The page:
TW: land conspiracy” …Why yes, of course. It should be obvious that home ownership is just another way of suppressing the “Other”…

  11. Do we Catholic persecutors get to wear a costume similar to the ones they wore in the “No One Expects the Spanish Inquisition” Monty Python sketch? Because, really, I do look bitchin’ in red.

    The brave thing now is to take the battle into the cathedrals, temples, blah blah blah…

    To which the bored parishioners would turn from the service and say, “Oh, grow up, Nancy.”

  12. True, and as you know, Percy, I’m RC as well. Still, it’s heartening to know that some of them are getting so sick of the carping that they’re willing to publish about it.

  13. Can someone translate what steveaz just wrote?

  14. steveaz:

    I didn’t understand a damned one of those 8 rules. Us back of the classroom folks (to use happyfeet’s phrase) require more simple to understand concepts. Single syllable words help. For example, the first two rules for a gunfight:

    1. Bring a gun.

    2. Bring all your friends with their guns.

  15. Rightwing, and Yokel,
    You guys don’t get it because it was barely literate. My bad!

    I was attempting to define in a scientific manner the mechanism by which marriage acts as a force-multiplier for individual spouses’ efforts – from a single-guy’s perspective.

    Sorry for the syntactic licence I took. It’s still in “draft” form. And I need to add a ninth rule to the list: “Just get Married!”

    Hope that helps.

  16. Just bustin’ on ya, steveaz.

    You might want to consider that the force multiplier for an individual spousal unit is always uni-directional, eg:
    Wife: “Isn’t that right, Honey?”
    Husband (not paying any attention): “Whatever you say, Sweetheart.”

  17. An attempt to translate:

    Married people work together. If the single dude gets into a fight with one of the couple, the other person in the couple will generally side with the couple. Generally, your buddy won’t side with you over his wife. The more ire between you and one half the couple, the bigger the fight will be.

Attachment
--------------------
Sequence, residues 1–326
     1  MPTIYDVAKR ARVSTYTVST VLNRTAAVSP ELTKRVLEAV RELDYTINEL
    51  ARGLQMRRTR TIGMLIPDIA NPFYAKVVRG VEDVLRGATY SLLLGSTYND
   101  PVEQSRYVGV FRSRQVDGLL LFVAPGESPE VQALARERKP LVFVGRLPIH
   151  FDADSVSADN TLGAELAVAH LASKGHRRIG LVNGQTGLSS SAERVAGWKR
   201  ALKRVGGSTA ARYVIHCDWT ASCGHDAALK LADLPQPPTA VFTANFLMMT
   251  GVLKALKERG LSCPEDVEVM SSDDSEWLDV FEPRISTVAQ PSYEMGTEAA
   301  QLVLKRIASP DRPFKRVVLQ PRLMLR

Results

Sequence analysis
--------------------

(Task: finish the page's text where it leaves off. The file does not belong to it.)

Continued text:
Or something. I think. Except I had to slow down, read each word in context, and spend time decoding it. I’m still not sure I got it right.

    Who needs encryption when you’ve got jargon?

  18. If the single dude gets into a fight with one of the couple, the other person in the couple will generally side with the couple.

    I’ll never forget the occasion, less than a year into my marriage, when my wife told me of overhearing a previously-congenial acquaintance of hers bad-mouthing me. The venom in my wife’s voice as she talked about this woman was quite a surprise to someone who’d never before been the object of such loyalty.

    Of course, twelve years later, she’s calmed down considerably.

  19. Dan, if I find a good dry cleaner who can maintain those well-tailored Inquisition outfits, you’ll be the first one I tell.

    And once again, the “Simpsons” leads us to the truth:

    A gay pride parade passes the Simpsons house. Some lads on a float call out, “We’re here! We’re queer! Get used to it!”

    To which Lisa Simpson, smiling and waving, says “We ARE used to it. You come by here every year!”

    The lads are thoroughly nonplussed.

  20. Translation: now that the only target left is radical Muslims, I think it’s time to quit this militant activism and get back to aggressive hedonism.

  21. to slackjawed: I think the rules of gunfighting are to bring long guns if you can.

  22. Daryl – the VERY first rule of a gunfight is to be somewhere else when it happens.

    Everything else is just advice.

  23. Sometimes we revisit comments we’ve written years before to ponder them anew only to find ourselves surprised by the poor quality of them.

    I stand by my list (at the time I wrote it I had just faced down a tart husband/wife team on our POA board who used Goodcop/Badcop underwritten with copious “he-said,she-said” expertly to stall my appointment to the board) but must take a hit for misusing the “dialectic.”

    For some reason I thought it meant “binary” at the time. Doh!

    Live and Learn!